President-elect Donald Trump reacts after speaking at Carrier Corp Thursday, Dec. 1, 2016, in Indianapolis. (AP Photo/Darron Cummings)
(Darron Cummings/AP)

Predictions are hard, especially about the future of the Trump administration.

Will his team of economic nationalists, who want to impose tariffs and increase infrastructure spending, get their way, or will it be his gang of economic conservatives, who want to cut taxes for the rich, cut spending for the poor, and deregulate Wall Street? Yes. Donald Trump, you see, isn't so much ideologically flexible as he is ideologically fluid. He has no idée fixe other than appearing strong, especially in the eyes of cable TV pundits. Sometimes that will mean going along with what congressional Republicans want — gridlock is for the weak — but most of the time that will mean getting congressional Republicans to go along with him. Which is to say that we should take his policy promises both seriously and literally. He's going to try to do what he's said he will, no matter how inconsistent those things might seem together.

What, then, might be the economic consequences of the president-elect's tax cuts, tariffs and deregulation? Well, as we'll get to in a minute, they sure seem like they would raise the odds of a financial crisis happening overseas, and maybe here too. It's a story about the dollar and housing.

The first thing you need to know is that the rest of the world has borrowed a lot of dollars the last eight years. About $4 trillion, to be exact. Since 2008, dollar loans to non-bank borrowers outside the United States have gone from $6 trillion to almost $10 trillion, with emerging markets making up the majority of that increase. Their dollar debts, according to the Bank for International Settlements, have actually more than doubled during this time from $1.7 trillion to $4.5 trillion. And that makes them particularly vulnerable to the vicissitudes of the currency markets. Think about it like this. If you borrow in dollars but earn most of your money in something other than the dollar, then your debts will get harder to pay back any time the dollar increases in value — which it really has the last two and a half years. Indeed, on a trade-weighted basis, the dollar has shot up 26 percent against a broad basket of currencies since the middle of 2014.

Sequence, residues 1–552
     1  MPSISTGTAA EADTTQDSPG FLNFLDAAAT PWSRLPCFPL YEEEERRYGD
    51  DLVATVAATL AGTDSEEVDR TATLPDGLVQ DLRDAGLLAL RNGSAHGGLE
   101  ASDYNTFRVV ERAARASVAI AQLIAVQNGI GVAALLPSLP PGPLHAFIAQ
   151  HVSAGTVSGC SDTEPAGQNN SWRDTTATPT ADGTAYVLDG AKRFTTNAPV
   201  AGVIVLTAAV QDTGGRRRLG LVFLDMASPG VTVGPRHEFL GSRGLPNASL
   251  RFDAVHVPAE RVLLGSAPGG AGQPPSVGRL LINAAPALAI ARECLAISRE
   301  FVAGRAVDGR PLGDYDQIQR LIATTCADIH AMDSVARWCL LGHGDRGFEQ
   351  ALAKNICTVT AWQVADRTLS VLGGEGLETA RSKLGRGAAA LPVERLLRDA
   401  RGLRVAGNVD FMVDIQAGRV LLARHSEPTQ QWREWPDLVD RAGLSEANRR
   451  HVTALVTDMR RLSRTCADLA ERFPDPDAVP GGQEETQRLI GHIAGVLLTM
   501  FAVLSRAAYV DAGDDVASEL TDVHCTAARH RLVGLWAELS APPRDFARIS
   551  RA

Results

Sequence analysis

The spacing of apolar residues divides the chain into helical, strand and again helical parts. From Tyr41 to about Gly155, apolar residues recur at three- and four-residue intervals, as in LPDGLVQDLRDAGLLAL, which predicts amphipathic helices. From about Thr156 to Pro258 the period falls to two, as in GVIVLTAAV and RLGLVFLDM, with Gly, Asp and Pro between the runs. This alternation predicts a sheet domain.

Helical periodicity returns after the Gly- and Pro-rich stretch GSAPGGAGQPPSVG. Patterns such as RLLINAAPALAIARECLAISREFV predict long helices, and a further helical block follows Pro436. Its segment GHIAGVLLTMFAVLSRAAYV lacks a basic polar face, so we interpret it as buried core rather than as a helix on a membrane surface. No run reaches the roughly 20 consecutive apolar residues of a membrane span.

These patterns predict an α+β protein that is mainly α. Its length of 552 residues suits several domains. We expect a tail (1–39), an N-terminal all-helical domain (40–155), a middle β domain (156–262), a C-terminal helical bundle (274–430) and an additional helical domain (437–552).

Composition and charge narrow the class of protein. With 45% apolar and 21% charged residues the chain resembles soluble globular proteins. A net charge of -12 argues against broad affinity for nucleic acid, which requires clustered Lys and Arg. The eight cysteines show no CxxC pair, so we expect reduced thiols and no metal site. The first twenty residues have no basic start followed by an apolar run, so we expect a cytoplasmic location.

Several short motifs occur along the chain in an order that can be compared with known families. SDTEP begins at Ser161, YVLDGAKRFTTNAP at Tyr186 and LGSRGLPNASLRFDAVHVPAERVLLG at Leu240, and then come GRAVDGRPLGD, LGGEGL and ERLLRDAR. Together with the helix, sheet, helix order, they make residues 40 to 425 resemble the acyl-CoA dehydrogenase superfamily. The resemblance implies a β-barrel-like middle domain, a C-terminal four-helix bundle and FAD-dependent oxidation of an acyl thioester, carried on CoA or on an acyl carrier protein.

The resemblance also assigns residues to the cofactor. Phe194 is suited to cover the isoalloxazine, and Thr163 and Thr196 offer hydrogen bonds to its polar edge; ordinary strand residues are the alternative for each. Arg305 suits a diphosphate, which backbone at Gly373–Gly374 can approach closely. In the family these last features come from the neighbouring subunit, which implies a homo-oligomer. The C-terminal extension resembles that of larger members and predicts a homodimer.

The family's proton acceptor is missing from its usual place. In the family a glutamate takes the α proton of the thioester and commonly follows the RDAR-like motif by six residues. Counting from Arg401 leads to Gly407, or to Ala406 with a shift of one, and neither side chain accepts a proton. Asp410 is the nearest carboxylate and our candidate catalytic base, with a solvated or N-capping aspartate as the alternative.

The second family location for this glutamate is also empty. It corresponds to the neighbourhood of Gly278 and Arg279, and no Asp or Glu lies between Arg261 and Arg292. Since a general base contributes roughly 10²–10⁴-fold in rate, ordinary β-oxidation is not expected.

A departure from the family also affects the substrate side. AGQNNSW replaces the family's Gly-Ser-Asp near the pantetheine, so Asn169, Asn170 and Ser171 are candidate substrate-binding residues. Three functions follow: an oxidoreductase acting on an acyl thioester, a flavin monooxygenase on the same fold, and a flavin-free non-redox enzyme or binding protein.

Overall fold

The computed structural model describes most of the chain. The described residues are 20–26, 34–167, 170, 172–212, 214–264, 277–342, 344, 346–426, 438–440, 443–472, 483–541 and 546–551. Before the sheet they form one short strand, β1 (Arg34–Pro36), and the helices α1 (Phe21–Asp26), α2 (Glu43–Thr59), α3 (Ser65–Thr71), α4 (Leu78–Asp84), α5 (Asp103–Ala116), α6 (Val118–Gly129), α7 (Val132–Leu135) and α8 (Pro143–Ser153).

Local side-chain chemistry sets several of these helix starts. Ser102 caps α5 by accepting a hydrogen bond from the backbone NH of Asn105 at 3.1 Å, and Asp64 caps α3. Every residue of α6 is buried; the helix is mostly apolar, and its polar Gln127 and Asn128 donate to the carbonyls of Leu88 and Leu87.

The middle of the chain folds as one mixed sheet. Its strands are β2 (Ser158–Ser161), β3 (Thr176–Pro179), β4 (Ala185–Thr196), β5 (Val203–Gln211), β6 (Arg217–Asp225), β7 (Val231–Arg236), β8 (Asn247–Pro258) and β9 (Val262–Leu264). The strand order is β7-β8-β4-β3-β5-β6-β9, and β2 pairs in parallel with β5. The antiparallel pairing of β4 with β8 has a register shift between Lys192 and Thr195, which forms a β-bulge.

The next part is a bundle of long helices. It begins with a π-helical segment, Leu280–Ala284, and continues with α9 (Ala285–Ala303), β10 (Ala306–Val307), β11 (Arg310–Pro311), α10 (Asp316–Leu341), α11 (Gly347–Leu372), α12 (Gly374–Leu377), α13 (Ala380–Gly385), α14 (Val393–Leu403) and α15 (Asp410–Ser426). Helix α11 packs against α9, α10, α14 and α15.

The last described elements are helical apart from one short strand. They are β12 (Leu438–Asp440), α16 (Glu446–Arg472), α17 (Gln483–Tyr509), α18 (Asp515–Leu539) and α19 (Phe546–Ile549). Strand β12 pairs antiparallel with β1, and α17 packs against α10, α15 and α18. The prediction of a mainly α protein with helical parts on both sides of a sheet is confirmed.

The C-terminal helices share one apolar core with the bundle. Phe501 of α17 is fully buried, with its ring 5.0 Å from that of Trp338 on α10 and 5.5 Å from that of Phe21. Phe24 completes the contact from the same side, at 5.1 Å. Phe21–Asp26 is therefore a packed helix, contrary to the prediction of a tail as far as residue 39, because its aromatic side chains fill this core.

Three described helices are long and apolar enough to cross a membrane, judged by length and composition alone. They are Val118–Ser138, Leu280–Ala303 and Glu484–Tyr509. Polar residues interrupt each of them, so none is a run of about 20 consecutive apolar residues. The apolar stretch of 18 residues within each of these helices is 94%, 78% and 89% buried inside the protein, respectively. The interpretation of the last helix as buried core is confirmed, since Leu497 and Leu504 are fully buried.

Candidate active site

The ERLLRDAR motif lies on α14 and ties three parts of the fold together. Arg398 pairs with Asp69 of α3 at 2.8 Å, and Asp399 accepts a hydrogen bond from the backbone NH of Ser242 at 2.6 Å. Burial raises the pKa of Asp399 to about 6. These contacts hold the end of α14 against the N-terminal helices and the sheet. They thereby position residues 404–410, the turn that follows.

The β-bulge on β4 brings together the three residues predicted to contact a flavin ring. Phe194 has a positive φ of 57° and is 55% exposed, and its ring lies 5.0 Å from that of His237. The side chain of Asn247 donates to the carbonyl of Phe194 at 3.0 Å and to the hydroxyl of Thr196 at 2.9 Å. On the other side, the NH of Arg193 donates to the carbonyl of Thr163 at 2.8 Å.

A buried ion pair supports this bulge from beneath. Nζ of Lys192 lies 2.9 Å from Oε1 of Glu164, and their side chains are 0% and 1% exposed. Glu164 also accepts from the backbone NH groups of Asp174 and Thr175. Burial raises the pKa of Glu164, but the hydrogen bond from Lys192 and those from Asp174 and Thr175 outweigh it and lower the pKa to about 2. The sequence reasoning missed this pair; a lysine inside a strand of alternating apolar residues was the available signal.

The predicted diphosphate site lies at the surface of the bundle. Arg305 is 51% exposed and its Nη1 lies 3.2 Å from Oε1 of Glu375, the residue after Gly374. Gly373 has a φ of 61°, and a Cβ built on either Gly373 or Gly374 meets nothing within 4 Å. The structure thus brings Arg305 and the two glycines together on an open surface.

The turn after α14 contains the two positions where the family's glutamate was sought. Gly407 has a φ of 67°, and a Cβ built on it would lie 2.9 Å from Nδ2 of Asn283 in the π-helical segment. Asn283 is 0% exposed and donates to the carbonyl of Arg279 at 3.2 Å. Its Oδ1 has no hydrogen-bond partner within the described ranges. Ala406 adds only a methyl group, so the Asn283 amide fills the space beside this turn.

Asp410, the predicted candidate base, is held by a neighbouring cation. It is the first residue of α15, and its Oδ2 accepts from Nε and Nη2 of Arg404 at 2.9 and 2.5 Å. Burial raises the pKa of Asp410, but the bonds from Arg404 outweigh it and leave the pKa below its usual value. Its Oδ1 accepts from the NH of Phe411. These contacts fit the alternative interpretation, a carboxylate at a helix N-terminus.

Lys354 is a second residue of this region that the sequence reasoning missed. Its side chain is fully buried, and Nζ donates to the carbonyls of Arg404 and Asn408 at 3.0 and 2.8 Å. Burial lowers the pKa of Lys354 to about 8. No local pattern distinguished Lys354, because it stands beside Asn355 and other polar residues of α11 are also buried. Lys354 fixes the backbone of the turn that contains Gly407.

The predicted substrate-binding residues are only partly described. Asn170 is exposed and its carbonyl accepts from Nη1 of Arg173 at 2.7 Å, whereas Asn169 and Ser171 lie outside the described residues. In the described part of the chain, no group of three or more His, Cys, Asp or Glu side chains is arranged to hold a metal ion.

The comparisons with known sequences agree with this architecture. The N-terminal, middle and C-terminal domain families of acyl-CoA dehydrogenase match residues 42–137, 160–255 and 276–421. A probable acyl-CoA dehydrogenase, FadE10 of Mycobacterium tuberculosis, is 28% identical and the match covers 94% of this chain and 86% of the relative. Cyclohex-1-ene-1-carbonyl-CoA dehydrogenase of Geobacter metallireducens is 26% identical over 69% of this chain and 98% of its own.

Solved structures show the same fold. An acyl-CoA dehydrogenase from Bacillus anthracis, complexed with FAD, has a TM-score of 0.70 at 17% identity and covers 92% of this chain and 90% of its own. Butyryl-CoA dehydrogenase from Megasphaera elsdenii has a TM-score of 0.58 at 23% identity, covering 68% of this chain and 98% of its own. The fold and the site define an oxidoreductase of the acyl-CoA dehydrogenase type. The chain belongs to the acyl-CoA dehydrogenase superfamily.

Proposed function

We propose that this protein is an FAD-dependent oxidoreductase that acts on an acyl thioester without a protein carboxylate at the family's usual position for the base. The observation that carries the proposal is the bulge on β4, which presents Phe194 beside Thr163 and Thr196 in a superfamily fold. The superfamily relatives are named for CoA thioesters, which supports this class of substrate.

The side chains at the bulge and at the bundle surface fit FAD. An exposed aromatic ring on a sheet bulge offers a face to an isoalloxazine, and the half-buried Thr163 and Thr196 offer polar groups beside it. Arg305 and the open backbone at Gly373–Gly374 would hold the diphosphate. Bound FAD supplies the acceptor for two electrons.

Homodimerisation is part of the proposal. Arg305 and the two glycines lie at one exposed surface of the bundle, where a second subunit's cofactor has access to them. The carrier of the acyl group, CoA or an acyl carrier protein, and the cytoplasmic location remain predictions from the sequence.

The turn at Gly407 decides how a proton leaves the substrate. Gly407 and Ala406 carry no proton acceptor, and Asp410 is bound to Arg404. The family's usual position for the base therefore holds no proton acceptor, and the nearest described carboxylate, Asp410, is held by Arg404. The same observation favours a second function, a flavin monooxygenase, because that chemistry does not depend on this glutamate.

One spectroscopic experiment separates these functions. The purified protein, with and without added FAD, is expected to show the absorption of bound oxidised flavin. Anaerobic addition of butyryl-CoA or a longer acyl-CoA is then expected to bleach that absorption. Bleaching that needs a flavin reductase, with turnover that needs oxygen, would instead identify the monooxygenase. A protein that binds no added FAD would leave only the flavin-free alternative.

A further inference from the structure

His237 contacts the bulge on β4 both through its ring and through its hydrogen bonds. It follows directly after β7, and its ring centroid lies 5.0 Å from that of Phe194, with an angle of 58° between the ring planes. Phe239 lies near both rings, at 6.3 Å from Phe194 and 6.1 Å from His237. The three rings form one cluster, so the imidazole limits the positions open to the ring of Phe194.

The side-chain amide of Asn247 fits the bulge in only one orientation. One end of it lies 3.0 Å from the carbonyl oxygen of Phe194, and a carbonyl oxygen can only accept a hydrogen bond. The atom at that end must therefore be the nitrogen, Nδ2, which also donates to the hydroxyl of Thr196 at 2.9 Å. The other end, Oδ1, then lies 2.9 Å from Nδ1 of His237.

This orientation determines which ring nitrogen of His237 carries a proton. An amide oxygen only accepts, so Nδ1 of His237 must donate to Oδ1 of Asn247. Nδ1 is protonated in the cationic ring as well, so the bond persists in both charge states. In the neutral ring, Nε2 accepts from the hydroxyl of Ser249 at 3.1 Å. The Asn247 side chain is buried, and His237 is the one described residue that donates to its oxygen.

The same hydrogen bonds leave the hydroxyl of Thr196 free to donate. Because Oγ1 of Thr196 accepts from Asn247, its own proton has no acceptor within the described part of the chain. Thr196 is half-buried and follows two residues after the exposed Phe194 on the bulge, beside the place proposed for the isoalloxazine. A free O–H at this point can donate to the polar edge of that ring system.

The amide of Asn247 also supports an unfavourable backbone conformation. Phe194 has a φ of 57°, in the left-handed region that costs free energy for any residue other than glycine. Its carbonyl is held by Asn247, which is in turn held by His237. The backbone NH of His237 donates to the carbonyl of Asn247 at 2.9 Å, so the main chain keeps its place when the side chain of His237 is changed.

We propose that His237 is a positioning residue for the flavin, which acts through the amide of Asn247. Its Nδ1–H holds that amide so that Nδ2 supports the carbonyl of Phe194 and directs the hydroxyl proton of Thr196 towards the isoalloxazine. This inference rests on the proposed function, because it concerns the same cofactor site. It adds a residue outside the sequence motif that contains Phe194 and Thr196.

That should only continue under President Trump. Why? Well, the Federal Reserve's latest minutes show that it thinks Trump's tax cuts, if they happen, will force it to raise rates faster than it thought it would just a few months ago. Otherwise, the Fed worries, the economy might start to overheat a little. So that means our interest rates should be even higher compared to the rest of the world's than they already are, which, in turn, should push the dollar up even more than it has already gone.

It's hard to say when, but at some point emerging market borrowers are going to have trouble paying back their dollar debts if the dollar keeps going up — especially if we put up tariffs that make it harder for them to earn dollars in the first place. A country like Brazil, which is currently mired in its greatest recession since the 1930s and has borrowed the second-most dollars of any emerging market, might have to choose between an even worse economic crisis and a financial crisis. That is, it could keep propping up its currency at the cost of growth, or it could let it fall against the dollar and see its borrowers default.

Even China might not be immune. It has the ugly combination of the highest dollar debt in the developing world and a currency that has been sliding against the greenback for over a year now. In the worst case, it might have to bail out a bunch of borrowers who can't handle the combination of a stronger dollar, a slightly weaker economy and tariffs that take away some of their export markets.

It wouldn't be that different from the Latin American debt crisis in the early 1980s. Then, like now, poorer countries had gone on a dollar borrowing binge. And then, like now, a surging dollar made those debts harder to pay off — until they couldn't be. That not only sent those countries into a lost decade, but also almost brought down the American banks that had lent them so much money.

Although it's not just Brazil and China that might cause some sort of crisis. It's us too.  That's not, though, because the dollar might get too strong, but rather that the mortgage market might get too crazy. Trump, you see, has said that "it's so hard to get mortgages nowadays" that we need to get rid of the post-financial crisis rules restricting them.

This is one place where he agrees with GOP orthodoxy. Against all evidence, conservatives have insisted that it wasn't Wall Street, but really the government that caused the housing bubble — basically Reagan über alles — and have been looking for ways to neuter the newly created Consumer Financial Protection Bureau as a result.

The problem, of course, is that going back to a Wild West mortgage market only invites the kind of abuses we saw 10 years ago, particularly when there's pent-up demand for new housing that could easily turn into a bubble.

Past, in other words, really might be prologue. Trumponomics might just be Bushonomics on steroids. A financial crisis waiting to happen.